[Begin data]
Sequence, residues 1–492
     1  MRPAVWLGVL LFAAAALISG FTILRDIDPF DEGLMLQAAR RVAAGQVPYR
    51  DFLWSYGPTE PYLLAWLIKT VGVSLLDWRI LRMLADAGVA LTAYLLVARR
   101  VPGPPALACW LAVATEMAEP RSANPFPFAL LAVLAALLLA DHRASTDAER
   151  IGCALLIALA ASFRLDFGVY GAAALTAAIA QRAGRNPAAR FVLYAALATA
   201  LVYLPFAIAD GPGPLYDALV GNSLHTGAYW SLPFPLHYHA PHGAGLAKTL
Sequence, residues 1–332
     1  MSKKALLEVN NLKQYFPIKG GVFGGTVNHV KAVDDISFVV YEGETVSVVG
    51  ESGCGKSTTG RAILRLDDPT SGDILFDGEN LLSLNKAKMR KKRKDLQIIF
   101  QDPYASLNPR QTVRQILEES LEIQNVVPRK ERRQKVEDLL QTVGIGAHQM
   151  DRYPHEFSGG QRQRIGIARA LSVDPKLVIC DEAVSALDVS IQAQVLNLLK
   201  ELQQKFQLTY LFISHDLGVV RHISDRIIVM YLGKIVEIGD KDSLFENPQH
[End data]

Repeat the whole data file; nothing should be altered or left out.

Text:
Sequence, residues 1–492
     1  MRPAVWLGVL LFAAAALISG FTILRDIDPF DEGLMLQAAR RVAAGQVPYR
    51  DFLWSYGPTE PYLLAWLIKT VGVSLLDWRI LRMLADAGVA LTAYLLVARR
   101  VPGPPALACW LAVATEMAEP RSANPFPFAL LAVLAALLLA DHRASTDAER
   151  IGCALLIALA ASFRLDFGVY GAAALTAAIA QRAGRNPAAR FVLYAALATA
   201  LVYLPFAIAD GPGPLYDALV GNSLHTGAYW SLPFPLHYHA PHGAGLAKTL
Sequence, residues 1–332
     1  MSKKALLEVN NLKQYFPIKG GVFGGTVNHV KAVDDISFVV YEGETVSVVG
    51  ESGCGKSTTG RAILRLDDPT SGDILFDGEN LLSLNKAKMR KKRKDLQIIF
   101  QDPYASLNPR QTVRQILEES LEIQNVVPRK ERRQKVEDLL QTVGIGAHQM
   151  DRYPHEFSGG QRQRIGIARA LSVDPKLVIC DEAVSALDVS IQAQVLNLLK
   201  ELQQKFQLTY LFISHDLGVV RHISDRIIVM YLGKIVEIGD KDSLFENPQH